She also noted she had been contacted by a large number of people – via social media, phone, etc. – “and they are saying keep it where it is.”
It was suggested that the museum space could be closed off – in its own separated wing – from the rest of the community center with a separate entrance that could create better climate control.
“There are things you can do, and there are things that should have been done,” Beach said further. “The auditorium basement is atrocious. You will never find a perfect place. I’m begging you to give me 3-5 years to show that the museum can grow and thrive there, where it has been. And there has never been a reference to the museum by the city in publications or online – the sign along Grant Avenue was taken down. And as for a budget, I hope we can talk about basic needs. And I also ask, if a committee is formed, that if I’m not on the committee that I can be an advisor because I’ve touched every single item there. Just give me a chance. In five years, if it’s not working, then find another place. Please, I can show you.”
“The idea is to have a board to make it sustainable beyond us,” Redfern said.
A man from the audience said he isn’t a resident of the city, “but my father lived in the country near York and he helped enlist funds to build this building. You don’t need a committee to decide where it should be located – it was already decided many years ago. The driving force for soliciting funds for the community center was the location of the museum – that’s when people gave of their hard earned money. I know there are hurdles to meet, but the thing is we have to take care of the building we have. You are charged with honoring that trust and taking care of that building. About 40% of the money (donated for the community center) came from the common person. You have a moral and ethical responsibility to make sure it is a long-term part of our community.”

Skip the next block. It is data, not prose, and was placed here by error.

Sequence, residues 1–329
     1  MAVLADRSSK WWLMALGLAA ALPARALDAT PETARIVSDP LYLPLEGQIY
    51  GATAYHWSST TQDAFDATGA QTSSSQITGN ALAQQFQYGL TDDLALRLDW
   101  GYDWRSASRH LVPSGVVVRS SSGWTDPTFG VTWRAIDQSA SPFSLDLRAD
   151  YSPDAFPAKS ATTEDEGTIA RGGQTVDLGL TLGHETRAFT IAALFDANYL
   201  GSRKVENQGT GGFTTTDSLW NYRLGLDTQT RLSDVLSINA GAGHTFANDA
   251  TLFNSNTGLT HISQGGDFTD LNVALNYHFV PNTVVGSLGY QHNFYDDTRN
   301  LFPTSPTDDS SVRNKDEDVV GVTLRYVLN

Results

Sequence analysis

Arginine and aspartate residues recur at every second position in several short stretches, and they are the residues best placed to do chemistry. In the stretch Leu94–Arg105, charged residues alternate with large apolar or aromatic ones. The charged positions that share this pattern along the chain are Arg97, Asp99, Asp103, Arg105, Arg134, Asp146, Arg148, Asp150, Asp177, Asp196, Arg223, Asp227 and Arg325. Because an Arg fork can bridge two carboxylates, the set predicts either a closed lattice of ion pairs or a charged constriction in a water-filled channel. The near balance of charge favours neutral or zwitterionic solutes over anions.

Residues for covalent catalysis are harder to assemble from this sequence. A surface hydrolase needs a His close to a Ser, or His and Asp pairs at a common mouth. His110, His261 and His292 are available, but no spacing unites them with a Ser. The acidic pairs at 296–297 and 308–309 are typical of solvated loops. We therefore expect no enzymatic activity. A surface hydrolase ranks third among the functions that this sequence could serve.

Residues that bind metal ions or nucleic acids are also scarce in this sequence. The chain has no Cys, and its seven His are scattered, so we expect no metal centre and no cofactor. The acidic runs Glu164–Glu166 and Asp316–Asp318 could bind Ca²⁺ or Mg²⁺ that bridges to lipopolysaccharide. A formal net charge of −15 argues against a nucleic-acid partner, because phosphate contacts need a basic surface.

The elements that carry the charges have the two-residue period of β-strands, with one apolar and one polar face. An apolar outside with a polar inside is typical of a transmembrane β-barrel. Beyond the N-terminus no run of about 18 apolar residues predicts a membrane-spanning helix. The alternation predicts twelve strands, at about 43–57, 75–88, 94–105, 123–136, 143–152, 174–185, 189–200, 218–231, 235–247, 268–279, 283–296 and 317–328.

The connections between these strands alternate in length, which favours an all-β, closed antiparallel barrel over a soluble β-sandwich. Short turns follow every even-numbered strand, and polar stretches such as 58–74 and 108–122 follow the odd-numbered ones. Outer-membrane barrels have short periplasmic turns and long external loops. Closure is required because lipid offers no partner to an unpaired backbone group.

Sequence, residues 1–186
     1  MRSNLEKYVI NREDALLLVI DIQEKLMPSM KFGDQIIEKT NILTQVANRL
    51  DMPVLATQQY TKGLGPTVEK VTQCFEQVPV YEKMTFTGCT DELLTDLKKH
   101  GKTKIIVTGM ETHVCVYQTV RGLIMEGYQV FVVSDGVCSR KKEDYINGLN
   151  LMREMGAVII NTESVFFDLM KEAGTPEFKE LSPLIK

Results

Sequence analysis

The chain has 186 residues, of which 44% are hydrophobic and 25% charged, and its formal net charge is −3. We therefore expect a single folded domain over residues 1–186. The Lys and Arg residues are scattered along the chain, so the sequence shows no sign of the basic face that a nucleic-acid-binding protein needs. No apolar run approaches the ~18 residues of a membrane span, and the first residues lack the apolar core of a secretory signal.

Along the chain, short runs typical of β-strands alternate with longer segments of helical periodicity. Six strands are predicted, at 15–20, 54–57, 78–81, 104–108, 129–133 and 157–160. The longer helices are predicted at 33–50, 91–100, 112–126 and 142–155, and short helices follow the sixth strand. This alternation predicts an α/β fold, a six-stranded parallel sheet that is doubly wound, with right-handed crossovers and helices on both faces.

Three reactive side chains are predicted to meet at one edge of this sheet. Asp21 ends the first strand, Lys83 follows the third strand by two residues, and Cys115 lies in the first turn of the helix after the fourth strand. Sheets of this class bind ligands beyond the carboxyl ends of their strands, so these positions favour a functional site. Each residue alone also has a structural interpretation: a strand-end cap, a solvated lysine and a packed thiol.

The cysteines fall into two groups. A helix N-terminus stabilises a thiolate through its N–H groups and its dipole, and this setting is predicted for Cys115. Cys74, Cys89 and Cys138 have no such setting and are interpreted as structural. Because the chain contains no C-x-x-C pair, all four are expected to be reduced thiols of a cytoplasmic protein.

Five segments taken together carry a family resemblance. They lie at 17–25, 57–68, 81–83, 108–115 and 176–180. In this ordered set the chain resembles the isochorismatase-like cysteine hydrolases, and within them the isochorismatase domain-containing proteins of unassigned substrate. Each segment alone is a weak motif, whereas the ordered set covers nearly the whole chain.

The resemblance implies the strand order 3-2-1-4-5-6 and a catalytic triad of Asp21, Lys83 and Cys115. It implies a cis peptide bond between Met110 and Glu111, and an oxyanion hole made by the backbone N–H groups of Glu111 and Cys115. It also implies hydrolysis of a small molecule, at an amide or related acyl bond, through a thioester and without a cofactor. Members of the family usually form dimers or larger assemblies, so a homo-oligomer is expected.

Mark Miller, a member of the York County Historical Society, added, “If Nancy (Beach) is not on the committee, I want to know why not. She’s earned it. And I appreciate Sheila (Hubbard) putting the auditorium basement theory to rest. Make this a place that shows commitment – the city can afford some staff for the museum. I hope you don’t go elsewhere (with the location of the museum) but if you do, I hope it reflects a plan and commitment.”
Roger Wolfe told the council how York County was founded by Civil War veterans (from both sides) and “in this day and age when we have so much division, York County is a lesson in how you can get together and work together. They (the Civil War veterans) forged a community. The museum is more than artifacts, it’s also photos of the faces of real people, memories of the real people who came before us. We need to remember those who came before us and built the first government of York County.”
Wolfe noted that as a police officer for 35 years, he’s been asked by people who visit York about attractions to visit. “I always say go to the museum and they always have thanked me later, saying we have a jewel. I hope the museum can be staffed by people who care about our history and the people who came before us.”